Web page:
39Opening hoursThe opening hours of speciﬁc attractions aregiven throughout the Guide. As a generalrule, most museums are open Tuesdaythrough Sunday, 10am to 5 or 6pm, thoughmost have one night per week where theystay open at least a few hours later. Govern-ment ofﬁces are open during regularbusiness hours, usually 9am to 5pm. Storehours vary widely, depending on the kind ofstore and what part of town you’re in, thoughyou can generally count on them being openMonday to Saturday from around 10am to6pm, with limited Sunday hours. Many of thelarger chain or department stores will stayopen to 9pm or later, and you generally don’thave to walk more than a few blocksanywhere in Manhattan to ﬁnd a 24-hourdeli. On national public holidays (see boxopposite), banks and ofﬁces are likely to beclosed all day, and most shops will be closedor have reduced hours.PhonesPublic telephones are becoming hard toﬁnd. The cost of a local call is 50¢. Long-distance rates are pricier, and you’re betteroff using a prepaid calling card ($5, $10and $20), which you can buy at mostgrocery stores and newsstands. If yourpayphone won’t accept your quarter, thechange box is full.If you want to use your mobile phone inNew York, you’ll need to check with yourphone provider to make sure it will work, andwhat the call charges will be. Unless you havea tri-band phone, it is unlikely that a mobilebought for use outside the US will work insidethe States. You can rent mobile phonesvia Phonerental (US T1-800-335-3705,international T+1-619-446-6980, Wwww.phonerentalusa.com); rental is free for the ﬁrstweek (though you need to make a minimum$25 in calls) and $3 per day thereafter. You getcharged $0.69 per minute for incoming and alllocal and national outgoing calls. Arrange therental in advance and the company will deliveryour phone to the airport or your hotel forpick-up. Triptel (T877-874-7835, Wwww.triptel.com) offers a similar service with GSMphones ($15/week rental).There are ﬁve area codes in use in NewYork: T212 and T646 for Manhattan, T718and T347 for the outer boroughs andT917 for (mostly) cell phones. You must dialthe area code, even if you’re calling anumber from a phone within the same area.For directory assistance, call T411.TimeNew York City is on Eastern Standard Time(EST), which is ﬁve hours behind GreenwichMean Time (GMT).Public holidaysNew Year’s Day Jan 1Martin Luther King, Jr’s BirthdayThird Mon in JanPresidents’ Day Third Mon in FebMemorial Day Last Mon in MayIndependence Day July 4Labor Day First Mon in SeptColumbus Day Second Mon in OctVeterans’ Day Nov 11Thanksgiving Day Fourth Thurs inNovChristmas Day Dec 25Calling home from the USNote that the initial zero is omitted from the area code when dialing the UK, Ireland,Australia, and New Zealand from abroad. The US country code (which it shares withCanada) is 1.Australia 011 + 61 + city code + local number.Canada city code + local number.New Zealand 011 + 64 + city code + local number.UK 011 + 44 + city code + local number.Republic of Ireland 011 + 353 + city code + local number.BASICS|Travelessentials
40Travelers withdisabilitiesNew York City has had disabled accessregulations imposed on an aggressivelydisabled-unfriendly system. There are widevariations in accessibility, making navigation atricky business. At the same time, you’ll ﬁndNew Yorkers surprisingly willing to go out oftheir way to help you. If you’re having troubleand you feel that passers-by are ignoring you,it’s most likely out of respect for your privacy– never hesitate to ask for assistance.For wheelchair users, getting around onthe subway is next to impossible withoutsomeone to help you, and even then isextremely difﬁcult at most stations. Several,but not all, lines are equipped with elevators,but this doesn’t make much of a difference.The Transit Authority is working to makestations accessible, but at the rate they’regoing it won’t happen soon. Buses areanother story, and are the ﬁrst choice ofmany disabled New Yorkers. All MTA busesare equipped with wheelchair lifts and locks.To get on a bus, wait at the bus stop tosignal the driver you need to board; when heor she has seen you, move to the back door,where he or she will assist you. For travelerswith other mobility difﬁculties, the driver will“kneel” the bus to allow you easier access.For a Braille subway map, call T718/694-4903; for more information aboutaccessibility, call T718/596-8585.Taxis are a viable option for visitors withvisual and hearing impairments and minorServices for disabled travelersBig Apple Greeter 1 Centre St T212/669-3602, Wwww.bigapplegreeter.org.Accepted by many as the main authority on New York accessibility. This free servicematches you with a volunteer who spends a few hours showing you the city. BigApple Greeter has also compiled a resource list for travelers with disabilities, whichthey will supply on request.FEGS 315 Hudson St T212/366-8400, Wwww.fegs.org. Formerly the New YorkSociety for the Deaf, this is a good source of information on interpreterservices, plus services for deaf individuals ranging from HIV-test counselingto kosher lunches.The Lighthouse 111 E 59th St T212/821-9200, Wwww.lighthouse.org. Generalservices for the visually impaired.The Mayor’s Ofﬁce for People with Disabilities 100 Gold St, 2nd ﬂoorT212/788-2830, TTY 788-2838, Wwww.nyc.gov/html/mopd. General informationand resources.mobility difﬁculties. For wheelchair users,taxis are less of a possibility unless you havea collapsible chair, in which case drivers arerequired to store it and assist you; the unfor-tunate reality is that most drivers won’t stopif they see you waiting. If you’re refused, tryto get the cab’s medallion number andreport the driver to the Taxi and LimousineCommission at Wwww.nyc.gov/html/tlc/html/passenger/ﬁle_complaint.shtml.Women travelersWomen traveling alone or with other womenin New York City should attract no moreattention than in any other urban destinationin the US. As always, the usual precautionsshould sufﬁce; a big part of visiting New Yorkis to look as if you know what you’re doingand where you’re going. If someone’sbugging you, either turn away, leave, or lethim know your feelings loudly and ﬁrmly.Avoid getting noticeably intoxicated unlessyou are with a trusted friend. If you are beingfollowed, turn around and look at the personfollowing you, and step off the sidewalk andinto the street; attackers hate the open. Ifyou’re unsure about the area where you’restaying, ask other women’s advice. However,don’t avoid parts of the city just throughhearsay – you might miss out on what’smost of interest – and learn to expect NewYorkers (Manhattanites in particular, many ofwhom feel incorrectly that anywhere outsideof the borough shouldn’t be risked) to soundalarmist; it’s part of the culture.BASICS|Travelessentials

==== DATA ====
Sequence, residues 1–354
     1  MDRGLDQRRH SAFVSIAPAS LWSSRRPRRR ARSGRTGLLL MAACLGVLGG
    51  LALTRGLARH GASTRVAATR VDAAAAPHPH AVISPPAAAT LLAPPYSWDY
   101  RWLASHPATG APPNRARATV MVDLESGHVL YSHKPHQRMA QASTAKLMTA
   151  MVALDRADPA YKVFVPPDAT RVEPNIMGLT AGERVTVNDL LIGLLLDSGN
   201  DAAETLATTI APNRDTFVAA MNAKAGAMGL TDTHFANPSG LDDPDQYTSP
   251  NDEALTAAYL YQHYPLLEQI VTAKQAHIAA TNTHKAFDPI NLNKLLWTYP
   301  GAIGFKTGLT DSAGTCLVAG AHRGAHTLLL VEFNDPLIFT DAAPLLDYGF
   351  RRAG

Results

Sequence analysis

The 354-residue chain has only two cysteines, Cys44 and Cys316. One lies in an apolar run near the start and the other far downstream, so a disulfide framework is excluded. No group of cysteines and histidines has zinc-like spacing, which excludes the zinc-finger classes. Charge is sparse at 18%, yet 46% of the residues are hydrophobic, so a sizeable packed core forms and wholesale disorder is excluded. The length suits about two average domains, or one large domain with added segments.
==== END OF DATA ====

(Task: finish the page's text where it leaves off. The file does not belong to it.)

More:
42The City1 The Harbor Islands............................................................ 432 The Financial District......................................................... 503 City Hall Park and the Brooklyn Bridge............................ 644 Tribeca and Soho.............................................................. 715 Chinatown, Little Italy, and Nolita ..................................... 786 The Lower East Side......................................................... 887 The East Village................................................................. 938 The West Village.............................................................. 1019 Chelsea ........................................................................... 111G Union Square, Gramercy Park, and theFlatiron District................................................................ 117H Midtown East ................................................................. 124I The Museum of Modern Art............................................ 139J Midtown West ................................................................. 143K Central Park .................................................................... 152L The Metropolitan Museum of Art.................................... 161M The Upper East Side....................................................... 172N The Upper West Side and Morningside Heights ............ 187O Harlem and north ............................................................ 202P Brooklyn .......................................................................... 218R Queens............................................................................ 245a The Bronx........................................................................ 256b Staten Island ................................................................... 266